Top 5 Essential Oils for Coughs


There are many causes for someone to cough, including the common cold, flu, or chest infection. 

Some essential oils may ease symptoms of cough or cold by soothing the throat, reducing inflammation, and clearing away mucus. Many essential oils can be used to relieve these symptoms.

Eucalyptus essential oil

This oil’s key compound is called eucalyptol cineole, many over the counter vapor or chest rubs often contain eucalyptus oil or it’s key compounds. 

A study published in the Alternative Medicine Review found that eucalyptol has an antimicrobial effect and may help fight off bacteria that cause illnesses. Eucalyptol may also help reduce inflammation, relieve pain, and ease muscle tension that can result from a cold or flu.

Eucalyptus essential oil may be used to calm a cough by adding a couple of drops to 1 teaspoon of carrier oil and rubbing it onto the chest and throat. Add a couple of drops in a cup of boiling water and inhale the steam with caution.

Rosemary essential oil

Rosemary essential oil also contains cineole. A study published in the journal Cough found that cineole may help to break up mucus and reduce inflammation. Rosemary essential oil can calm the muscles in your trachea, giving you respiratory relief. It is also tied to the treatment of asthma. Rosemary is most commonly diluted in a carrier oil and applied to the skin. 

Rosemary essential oil may help break congestion when used in steam inhalation.

Oregano essential oil

Oregano essential oil contains a high level of a potent compound called carvacrol and thymol. A study in 2014 found that carvacrol is a helpful antimicrobial agent that can fight off many types of germs. This could, therefore, help to treat viral or bacterial cases of a cough. 

Always dilute oregano essential oil when applying to the skin as it is considered a hot oil. 1 drop to 2 teaspoons of carrier. Oregano in steam inhalation is great to help relieve symptoms of sinus infections.

Lavender essential oil

Lavender essential oil may have a calming effect on your airways, and researchers say it could be useful as an alternative for bronchial asthma. Try inhaling lavender with a steam inhalation, a diffuser, or diluted on the skin, or in a warm bath.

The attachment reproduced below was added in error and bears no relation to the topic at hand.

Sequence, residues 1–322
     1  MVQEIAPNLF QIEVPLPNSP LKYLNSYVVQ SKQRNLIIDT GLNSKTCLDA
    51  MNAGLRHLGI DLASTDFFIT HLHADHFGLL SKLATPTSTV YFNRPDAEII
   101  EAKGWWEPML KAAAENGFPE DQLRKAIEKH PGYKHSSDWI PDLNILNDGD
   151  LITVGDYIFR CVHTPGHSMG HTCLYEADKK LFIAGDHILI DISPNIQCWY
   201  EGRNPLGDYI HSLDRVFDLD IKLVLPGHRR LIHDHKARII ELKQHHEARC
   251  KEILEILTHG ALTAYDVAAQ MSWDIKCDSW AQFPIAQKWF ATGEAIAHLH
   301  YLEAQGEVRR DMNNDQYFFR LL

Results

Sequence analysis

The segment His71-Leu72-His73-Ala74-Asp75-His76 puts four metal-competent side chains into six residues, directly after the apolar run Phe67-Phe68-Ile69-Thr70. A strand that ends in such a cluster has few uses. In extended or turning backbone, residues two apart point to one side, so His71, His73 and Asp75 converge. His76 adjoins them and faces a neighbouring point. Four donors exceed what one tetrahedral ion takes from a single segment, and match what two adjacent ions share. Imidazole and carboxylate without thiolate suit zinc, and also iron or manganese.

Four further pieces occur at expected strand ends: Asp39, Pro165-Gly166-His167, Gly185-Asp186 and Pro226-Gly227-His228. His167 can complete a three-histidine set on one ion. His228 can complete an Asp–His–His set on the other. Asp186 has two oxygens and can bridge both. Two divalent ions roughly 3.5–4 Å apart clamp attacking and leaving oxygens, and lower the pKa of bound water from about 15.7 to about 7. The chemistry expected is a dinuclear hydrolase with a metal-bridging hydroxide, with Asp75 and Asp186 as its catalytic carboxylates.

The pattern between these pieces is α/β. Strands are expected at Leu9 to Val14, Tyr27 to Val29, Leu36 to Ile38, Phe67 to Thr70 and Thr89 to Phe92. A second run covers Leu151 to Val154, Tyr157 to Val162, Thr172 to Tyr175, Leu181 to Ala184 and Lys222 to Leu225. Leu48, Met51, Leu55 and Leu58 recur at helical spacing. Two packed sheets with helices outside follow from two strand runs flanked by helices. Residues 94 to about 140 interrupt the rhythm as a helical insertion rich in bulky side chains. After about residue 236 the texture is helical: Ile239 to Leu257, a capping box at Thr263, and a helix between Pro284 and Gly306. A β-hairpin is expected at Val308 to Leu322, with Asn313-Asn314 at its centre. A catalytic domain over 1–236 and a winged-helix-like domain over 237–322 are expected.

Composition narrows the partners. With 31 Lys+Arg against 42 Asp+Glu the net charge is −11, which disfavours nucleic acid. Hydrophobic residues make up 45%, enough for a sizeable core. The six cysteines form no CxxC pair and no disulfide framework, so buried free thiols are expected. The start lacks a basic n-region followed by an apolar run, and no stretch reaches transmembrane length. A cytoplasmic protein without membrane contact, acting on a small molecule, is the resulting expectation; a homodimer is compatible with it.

Thyme essential oil

Thyme essential oil has carvacrol and thymol. It has an antibacterial effect against respiratory bacteria. It’s also used to help respiratory disorders such as bronchitis and pertussis. The soothing nature of thyme is key in treating dry, irritated throat. It also serves as a potent remedy for bronchitis, sinus, headache, and pharyngitis. Gargle a drop of thyme essential oil in 4 oz of warm water to get instant relief from cough and congestion.

How to use Essential Oils to Treat Coughs

Essential oils are used as part of aromatherapy and can be inhaled in a number of ways. 

Straight from the bottle. This is the simplest method. Just open the bottle and take a few deep breaths. 

Steam inhalation. Fill a bowl with hot water and add a few drops of essential oils. Bend your head over the bowl, put a towel over your head and the bowl, and take deep breaths. Caution with hot steam. 

Evaporation. Put a few drops of essential oil on a cotton ball and inhale as the oil evaporates. 

Diffuser. A diffuser releases small particles of the oil into the room. Add essential oils to a diffuser.

Topical application. Dilute essential oils with a carrier oil like jojoba and apply to the skin, you can use a roller bottle for easier application.

Good practices for using essential oils safely include:

  • Dilute with a carrier oil: Blend essential oils with a carrier oil like fractionated coconut oil, jojoba, sweet almond oil, or grapeseed oil before applying to the skin. This helps spread the oil evenly and promotes absorption. 
  • Patch-test new oils: If you’re new to an oil and don’t know how your skin will react to it, do a small patch test first. If irritation, rash or other reaction occurs, don’t use the oil. 
  • Consult with our doctor: If you’re pregnant or nursing, talk to your doctor about which oils you are using, what they’re used for, overall safety and best recommendations.



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